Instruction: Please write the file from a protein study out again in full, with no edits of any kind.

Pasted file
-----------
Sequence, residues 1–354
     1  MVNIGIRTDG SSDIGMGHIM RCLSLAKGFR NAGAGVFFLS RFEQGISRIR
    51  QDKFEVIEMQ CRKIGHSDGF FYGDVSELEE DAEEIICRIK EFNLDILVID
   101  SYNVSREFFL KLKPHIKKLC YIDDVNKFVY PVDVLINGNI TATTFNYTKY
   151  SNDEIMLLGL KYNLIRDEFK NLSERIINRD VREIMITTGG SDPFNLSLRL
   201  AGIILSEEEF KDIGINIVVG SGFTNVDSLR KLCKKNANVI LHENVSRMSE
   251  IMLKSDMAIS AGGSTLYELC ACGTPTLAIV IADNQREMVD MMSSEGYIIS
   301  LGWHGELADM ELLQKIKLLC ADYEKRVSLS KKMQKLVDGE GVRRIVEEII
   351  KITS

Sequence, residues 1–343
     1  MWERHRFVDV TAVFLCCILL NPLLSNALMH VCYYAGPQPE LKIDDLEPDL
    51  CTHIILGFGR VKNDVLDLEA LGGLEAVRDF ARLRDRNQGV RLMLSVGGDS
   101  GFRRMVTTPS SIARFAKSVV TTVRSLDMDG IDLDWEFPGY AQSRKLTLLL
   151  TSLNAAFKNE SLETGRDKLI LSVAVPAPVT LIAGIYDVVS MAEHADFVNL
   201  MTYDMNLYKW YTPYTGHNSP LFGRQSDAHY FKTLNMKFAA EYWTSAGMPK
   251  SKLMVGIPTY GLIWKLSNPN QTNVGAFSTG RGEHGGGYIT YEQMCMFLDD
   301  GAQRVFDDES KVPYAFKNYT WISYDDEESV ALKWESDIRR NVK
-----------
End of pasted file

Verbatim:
Sequence, residues 1–354
     1  MVNIGIRTDG SSDIGMGHIM RCLSLAKGFR NAGAGVFFLS RFEQGISRIR
    51  QDKFEVIEMQ CRKIGHSDGF FYGDVSELEE DAEEIICRIK EFNLDILVID
   101  SYNVSREFFL KLKPHIKKLC YIDDVNKFVY PVDVLINGNI TATTFNYTKY
   151  SNDEIMLLGL KYNLIRDEFK NLSERIINRD VREIMITTGG SDPFNLSLRL
   201  AGIILSEEEF KDIGINIVVG SGFTNVDSLR KLCKKNANVI LHENVSRMSE
   251  IMLKSDMAIS AGGSTLYELC ACGTPTLAIV IADNQREMVD MMSSEGYIIS
   301  LGWHGELADM ELLQKIKLLC ADYEKRVSLS KKMQKLVDGE GVRRIVEEII
   351  KITS

Sequence, residues 1–343
     1  MWERHRFVDV TAVFLCCILL NPLLSNALMH VCYYAGPQPE LKIDDLEPDL
    51  CTHIILGFGR VKNDVLDLEA LGGLEAVRDF ARLRDRNQGV RLMLSVGGDS
   101  GFRRMVTTPS SIARFAKSVV TTVRSLDMDG IDLDWEFPGY AQSRKLTLLL
   151  TSLNAAFKNE SLETGRDKLI LSVAVPAPVT LIAGIYDVVS MAEHADFVNL
   201  MTYDMNLYKW YTPYTGHNSP LFGRQSDAHY FKTLNMKFAA EYWTSAGMPK
   251  SKLMVGIPTY GLIWKLSNPN QTNVGAFSTG RGEHGGGYIT YEQMCMFLDD
   301  GAQRVFDDES KVPYAFKNYT WISYDDEESV ALKWESDIRR NVK